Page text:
New bones attributed to Homo floresiensis -- aka the "Hobbit Human" -- along with other recent findings, are helping to reveal what members of this species looked like, how they behaved, and their origins.
The latest findings, described in a Journal of Human Evolution paper, are wrist bones unearthed on the Indonesian island of Flores. Since they are nearly identical to other such bones for the Hobbit found at the site, they refute claims that H. floresiensis never existed.
"The tiny people from Flores were not simply diseased modern humans," Caley Orr, lead author of the paper, told Discovery News.
"The new species of human stood approximately 3' 6" tall, giving it its nickname 'The Hobbit,'" continued Orr, who is an assistant professor in the Department of Anatomy at Midwestern University.
He said that they were "similar to modern humans in many respects." For example, he explained that they walked on two legs, had small canine teeth, and lived what appears to have been an iconic "cave man'" lifestyle.
"Stone tools and evidence of fire use were found in the cave, along with the remains of butchered animals, such as Stegodon (an extinct elephant relative), indicating that meat was a part of diet," Orr said.
He and his colleagues, however, also point out the differences between the Hobbit individuals and modern humans.
The Hobbits had arms that were longer than their legs, giving them a slightly more ape-like structure. Their skulls had no bony chins, so their faces had more of an oval shape. Their forehead was sloping. The inferred brain size was tiny, putting them in the IQ range of chimpanzees.
"Remarkably, the feet were also long relative to the legs, as fantasy fans might expect of a Hobbit," he added.
The Hobbit's wrist looked like that of early human relatives, such as Australopithecus, but the key ancestral candidate now is Homo erectus, "Upright Man."
It is possible that a population of H. erectus became stranded on the Indonesian island and dwarfed there over time. Orr said that "sometimes happens to larger animals that adapt to small island environments."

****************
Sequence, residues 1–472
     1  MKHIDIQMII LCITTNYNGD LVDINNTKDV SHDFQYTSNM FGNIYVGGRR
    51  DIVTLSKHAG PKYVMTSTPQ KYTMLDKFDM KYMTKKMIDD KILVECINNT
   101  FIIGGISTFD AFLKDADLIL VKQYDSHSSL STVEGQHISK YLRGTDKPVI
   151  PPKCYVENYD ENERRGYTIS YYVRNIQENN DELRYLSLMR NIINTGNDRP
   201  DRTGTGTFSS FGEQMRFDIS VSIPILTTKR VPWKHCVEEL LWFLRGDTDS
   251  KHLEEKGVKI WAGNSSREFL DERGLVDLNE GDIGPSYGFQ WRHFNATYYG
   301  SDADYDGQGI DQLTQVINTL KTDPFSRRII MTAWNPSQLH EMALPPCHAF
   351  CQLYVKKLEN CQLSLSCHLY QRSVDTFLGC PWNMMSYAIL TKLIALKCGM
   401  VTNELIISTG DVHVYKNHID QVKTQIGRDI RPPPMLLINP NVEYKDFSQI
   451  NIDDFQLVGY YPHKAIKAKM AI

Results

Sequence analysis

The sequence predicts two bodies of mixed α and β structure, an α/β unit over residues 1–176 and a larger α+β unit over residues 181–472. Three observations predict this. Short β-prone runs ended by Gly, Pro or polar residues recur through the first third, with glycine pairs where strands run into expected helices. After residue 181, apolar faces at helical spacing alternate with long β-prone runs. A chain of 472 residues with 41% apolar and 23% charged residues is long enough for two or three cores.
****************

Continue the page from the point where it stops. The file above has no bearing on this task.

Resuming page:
A problem, however, is that H. erectus is somewhat more modern looking than the Hobbit, so researchers are still seeking more clues.
Another question concerns whether or not the Hobbits ever mated with modern humans. There is evidence that happened to Neanderthals, which have left traces of their genome in modern human DNA. So far, however, conditions have not been right to extract DNA from H. floresiensis bones.
Nonetheless, the Hobbit -- which went extinct relatively recently during the Pleistocene -- is now better known due to the new discoveries.
"These fossils provide further, clear evidence that H. floresiensis is in no way a pathological modern human, or that its primitive morphology is related simply to its small body size," said Tracy Kivell, a paleoanthropologist from the Max Planck Institute for Evolutionary Anthropology. "Instead, it is clearly its own, unique and very intriguing species."
Kivell added, "What is particularly interesting is that H. floresiensis is associated with such a long, well-documented history of stone tools. (Its primitive hand and wrist were) still apparently capable of making and using stone tools, suggesting that H. floresiensis solved the morphological and manipulative demands of tool-making and tool-use in a different way than Neanderthals and ourselves."
Orr and his team continue to study the Hobbit humans, with at least one other paper about the interesting species in the works.